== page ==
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Droplet Computing Inception

Droplet Computing Inception

Date: 18 September 2019 | By: admin

And so it began …

Michelle Laverick – Chief Technologist

Well, it’s just gone past a month since I joined Droplet Computing, and I’ve been busy, busy, busy, as well as you would expect when you start with a new company. As you might suspect, I’ve been quite “internally focused” (which sounds like some sort of medical examination!). But I’ve been trying to hold true to my goal of making Friday my geek-out day where I just get some technical playtime. I’ve been considering renaming Geek-Out Day as Michelle’s Mad Half Hour. You never know, it might catch on.

In case you don’t know, Droplet Computing container technology’s primary use case is focused squarely on legacy applications that typically stymie Windows 10 adoption or BOYD initiatives in whatever format they take (physical or virtual). Today, I focused on using our container technology to deliver a more modern array of applications and making them run where they would not normally be able to.

I recently upgraded my Apple Mac Book Pro as my old Uni-body Apple Mac had seen better days. The way I use the Microsoft Office suite hasn’t substantially altered since I was teaching Word, Excel, and PowerPoint back in 1993. For me that’s meant I’ve been quite content with using the native Microsoft Office that installs natively to the Apple Mac. That goes all the way back to that dog meat called “Entourage” before Outlook was available.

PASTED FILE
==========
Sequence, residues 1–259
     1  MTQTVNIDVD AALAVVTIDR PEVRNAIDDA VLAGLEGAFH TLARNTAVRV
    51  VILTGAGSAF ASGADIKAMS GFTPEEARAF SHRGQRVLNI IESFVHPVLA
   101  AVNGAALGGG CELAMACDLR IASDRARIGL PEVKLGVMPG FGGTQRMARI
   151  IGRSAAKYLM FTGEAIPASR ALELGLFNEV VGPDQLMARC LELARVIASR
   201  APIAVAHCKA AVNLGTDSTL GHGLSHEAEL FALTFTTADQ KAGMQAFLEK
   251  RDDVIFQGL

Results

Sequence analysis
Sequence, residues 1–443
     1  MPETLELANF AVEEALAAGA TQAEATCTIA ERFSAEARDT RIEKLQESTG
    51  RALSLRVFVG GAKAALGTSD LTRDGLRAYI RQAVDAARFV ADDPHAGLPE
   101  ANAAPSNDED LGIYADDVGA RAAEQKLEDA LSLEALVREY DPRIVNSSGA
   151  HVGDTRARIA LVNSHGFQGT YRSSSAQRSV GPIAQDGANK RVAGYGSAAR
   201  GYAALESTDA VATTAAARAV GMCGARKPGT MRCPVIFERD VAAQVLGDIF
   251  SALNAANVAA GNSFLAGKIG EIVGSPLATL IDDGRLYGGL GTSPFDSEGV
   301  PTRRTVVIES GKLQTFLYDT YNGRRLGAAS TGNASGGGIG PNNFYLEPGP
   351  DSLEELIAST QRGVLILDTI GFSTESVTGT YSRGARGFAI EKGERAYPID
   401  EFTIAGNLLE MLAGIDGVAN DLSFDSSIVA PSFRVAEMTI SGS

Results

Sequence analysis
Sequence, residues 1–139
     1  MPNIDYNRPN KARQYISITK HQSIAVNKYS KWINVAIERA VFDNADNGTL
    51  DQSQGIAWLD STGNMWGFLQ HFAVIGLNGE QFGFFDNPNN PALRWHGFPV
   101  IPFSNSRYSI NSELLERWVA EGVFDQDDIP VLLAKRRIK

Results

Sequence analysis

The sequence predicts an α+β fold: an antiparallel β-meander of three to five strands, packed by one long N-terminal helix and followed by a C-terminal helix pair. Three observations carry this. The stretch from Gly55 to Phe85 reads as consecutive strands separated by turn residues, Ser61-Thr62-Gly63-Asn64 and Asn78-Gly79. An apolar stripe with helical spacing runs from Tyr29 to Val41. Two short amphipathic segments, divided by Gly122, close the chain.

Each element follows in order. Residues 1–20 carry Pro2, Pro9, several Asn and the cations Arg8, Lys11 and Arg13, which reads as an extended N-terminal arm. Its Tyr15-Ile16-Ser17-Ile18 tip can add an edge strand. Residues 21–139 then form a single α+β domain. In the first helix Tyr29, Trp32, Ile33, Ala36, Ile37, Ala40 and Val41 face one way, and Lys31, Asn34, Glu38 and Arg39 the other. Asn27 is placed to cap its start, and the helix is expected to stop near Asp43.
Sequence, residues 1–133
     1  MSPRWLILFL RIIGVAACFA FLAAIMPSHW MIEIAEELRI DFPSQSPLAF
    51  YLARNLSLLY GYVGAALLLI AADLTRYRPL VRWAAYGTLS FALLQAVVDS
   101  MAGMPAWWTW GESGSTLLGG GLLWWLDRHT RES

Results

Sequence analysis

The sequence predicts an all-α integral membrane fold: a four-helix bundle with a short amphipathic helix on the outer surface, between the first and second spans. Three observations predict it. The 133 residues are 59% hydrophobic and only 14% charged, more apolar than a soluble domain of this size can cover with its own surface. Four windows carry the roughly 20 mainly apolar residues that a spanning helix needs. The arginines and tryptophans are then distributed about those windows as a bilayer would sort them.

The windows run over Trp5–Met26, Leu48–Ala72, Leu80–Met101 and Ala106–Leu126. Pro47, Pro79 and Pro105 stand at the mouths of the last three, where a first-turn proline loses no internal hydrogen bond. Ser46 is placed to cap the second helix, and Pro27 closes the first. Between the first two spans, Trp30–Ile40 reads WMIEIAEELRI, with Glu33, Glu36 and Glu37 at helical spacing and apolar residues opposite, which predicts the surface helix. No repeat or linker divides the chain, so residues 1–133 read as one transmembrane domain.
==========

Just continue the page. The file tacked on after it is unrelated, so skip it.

However, there are some Microsoft apps for which there is only a web-based version available for the Mac through the Office 365 portal. Although I’ve been quite impressed with the web-based versions of Microsoft apps, they are always lacking some feature or functionality that you don’t realize you use, until you reach for the option to find it’s not there. This is something I had direct experience of in my year out volunteering. I took some time away from the industry and volunteered in the heritage sector (I eventually became a trustee briefly for our newly-minted museum in the town where I live). My main job was the museum’s IT strategy and supporting a user base that was evenly split between Windows and Mac users. What a nightmare that was – all the documentation was doubled as any instructions had to be written once for the Windows version of Office (and everything else that surrounds it, like OneDrive) and all over again for Apple Mac. A container approach would have been so much easier to support – just send the Apple Mac users a container of the Office apps running natively in a Windows format – job done.

So, I took some time out to install Office 16 as well as signing up for a Visio evaluation plan. Installing the software was little more than a “next, next” affair. That’s because our containers don’t require any special packaging, sequencing, or recording technologies, you just run the regular setup.exe or setup.msi that shipped with the install media, and off you go.

You might notice the HP ILO Remote Console app is there as one of my “application tiles”. More about that later…